This is a rush transcript from "America's Election HQ," July 24, 2008. This copy may not be in its final form and may be updated.
E.D. HILL, HOST: The most famous American spies did not look like James Bond. But an American husband and wife with two kids, Julius and Ethel Rosenberg died in the electric chair after they were caught passing nuclear secrets to the Russians. Now, new secrets could be released from their Cold War trial.
FOX's Douglas Kennedy is here with new developments in this case.
DOUGLAS KENNEDY, FOX NEWS CORRESPONDENT: Yes. This is a big deal, E.D. A federal judge has ordered the release of previously sealed grand jury depositions. It is an unusual ruling and promises to shed light on one of the most paranoid points in American history.
ANNOUNCER: Ethel Rosenberg, the woman in the nation's first atomic spy trial precedes her husband, Julius, to New York's Federal court.
KENNEDY (voice over): It was billed as the trial of the century.
ANNOUNCER: In this drama of espionage that endangered the country's security -
KENNEDY: And in their case, it probably was.
UNIDENTIFIED MALE: This was, in some ways, the riveting event of the early stages of the Cold War.
KENNEDY: Ethel and Julius Rosenberg are the only Americans ever executed in a domestic espionage case, a shocking sentence that continues to be controversial today.
SAM ROBERTS, ONE OF THE PETITIONERS WHO ASKED TO UNSEAL THE DEPOSITION: You have to remember this was a time back in the early 1950s when we were genuinely afraid of the Russians, genuinely afraid of the fact they had the atomic bomb.
KENNEDY: Just a year before the trial, the Russians had exploded their first nuclear bomb. That same year, in 1949, China had fallen to the communists. Now, a federal judge is releasing previously sealed grand jury testimony, a move many historians hope will shed new light on the stunning sentence.
ROBERTS: After 50 years, in particular, history has a plan to get these records released and find out what is in them.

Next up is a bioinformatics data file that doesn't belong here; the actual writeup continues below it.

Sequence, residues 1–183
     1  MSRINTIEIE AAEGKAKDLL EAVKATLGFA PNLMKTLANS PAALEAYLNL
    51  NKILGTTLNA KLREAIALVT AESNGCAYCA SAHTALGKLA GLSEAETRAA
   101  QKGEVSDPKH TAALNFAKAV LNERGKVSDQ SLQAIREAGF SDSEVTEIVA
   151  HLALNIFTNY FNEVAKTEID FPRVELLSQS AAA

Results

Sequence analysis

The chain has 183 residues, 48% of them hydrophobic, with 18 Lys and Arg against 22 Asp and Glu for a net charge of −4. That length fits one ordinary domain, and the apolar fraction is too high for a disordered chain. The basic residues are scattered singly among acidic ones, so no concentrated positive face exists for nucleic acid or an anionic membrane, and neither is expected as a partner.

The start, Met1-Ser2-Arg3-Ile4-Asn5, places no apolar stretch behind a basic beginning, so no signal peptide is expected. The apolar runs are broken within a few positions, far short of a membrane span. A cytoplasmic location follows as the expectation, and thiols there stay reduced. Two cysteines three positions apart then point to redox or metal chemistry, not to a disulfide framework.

KENNEDY: Sam Roberts is one of the petitioners who asked to unseal the depositions of over 40 witnesses. He is also the author of a book on David Greenglass, Ethel's brother, whose testimony is credited with sending his sister to the electric chair at Sing Sing Prison in upstate New York.
ROBERTS: The fact that they were Jewish played a role in it, too. This was relatively a short time after the Holocaust.
KENNEDY: Ironically, the judge did not unseal his testimony because Greenglass is still alive and objected to the release.
ROBERTS: He would like the case to go away. He would like to be forgotten. He is living under an assumed name in the New York metropolitan area.
KENNEDY: During World War II, Greenglass worked in Los Alamos on the world's first nuclear bomb. At the trial, he said he gave his notes on America's atomic secrets to the Soviets via his brother-in-law, a known communist sympathizer, Julius Rosenberg. His notes, he swore, were typed up by his sister, Ethel, a claim he later recanted.
ROBERTS: One of the things I discovered during this (UNINTELLIGIBLE) is that there were very few heroes. People operated from what they thought were good intentions but a lot of them got carried away.
KENNEDY: Still, most of the grand jury testimony is expected to be released in the next few months, undoubtedly, E.D., a riveting read.
HILL: Do we know why he recanted?
KENNEDY: He told this author that he was protecting his wife, that his wife was the one who actually typed the notes and she was going to get in a lot of trouble, too, so he said that was his sister.
HILL: He had to pick just one -
KENNEDY: He said his attorney asked him to do it, but -
HILL: And when do we think that this testimony could come out that we all get to read it?
KENNEDY: You know - as you know, grand jury testimony is almost never released but in this case, it's so historical that they do want to release it. Even the U.S. attorney wants to release it today. But they say they've got to wait until everybody dies, unless they give them permission, which he is not going to.
HILL: All right. Douglas Kennedy, thank you very much.
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